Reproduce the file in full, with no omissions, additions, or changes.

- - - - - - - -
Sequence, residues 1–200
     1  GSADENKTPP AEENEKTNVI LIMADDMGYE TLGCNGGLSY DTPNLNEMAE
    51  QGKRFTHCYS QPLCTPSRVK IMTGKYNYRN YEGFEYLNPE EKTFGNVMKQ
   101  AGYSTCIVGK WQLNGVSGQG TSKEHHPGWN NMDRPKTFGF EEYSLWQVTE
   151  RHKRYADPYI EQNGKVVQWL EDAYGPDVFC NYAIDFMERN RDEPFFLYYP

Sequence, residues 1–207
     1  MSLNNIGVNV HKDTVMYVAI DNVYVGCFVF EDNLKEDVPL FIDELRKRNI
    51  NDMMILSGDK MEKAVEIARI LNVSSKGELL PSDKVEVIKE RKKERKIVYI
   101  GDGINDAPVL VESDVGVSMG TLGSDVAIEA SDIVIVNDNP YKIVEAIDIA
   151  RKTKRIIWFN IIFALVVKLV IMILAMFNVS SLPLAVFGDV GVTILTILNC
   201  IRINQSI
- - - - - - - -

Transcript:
Sequence, residues 1–200
     1  GSADENKTPP AEENEKTNVI LIMADDMGYE TLGCNGGLSY DTPNLNEMAE
    51  QGKRFTHCYS QPLCTPSRVK IMTGKYNYRN YEGFEYLNPE EKTFGNVMKQ
   101  AGYSTCIVGK WQLNGVSGQG TSKEHHPGWN NMDRPKTFGF EEYSLWQVTE
   151  RHKRYADPYI EQNGKVVQWL EDAYGPDVFC NYAIDFMERN RDEPFFLYYP

Sequence, residues 1–207
     1  MSLNNIGVNV HKDTVMYVAI DNVYVGCFVF EDNLKEDVPL FIDELRKRNI
    51  NDMMILSGDK MEKAVEIARI LNVSSKGELL PSDKVEVIKE RKKERKIVYI
   101  GDGINDAPVL VESDVGVSMG TLGSDVAIEA SDIVIVNDNP YKIVEAIDIA
   151  RKTKRIIWFN IIFALVVKLV IMILAMFNVS SLPLAVFGDV GVTILTILNC
   201  IRINQSI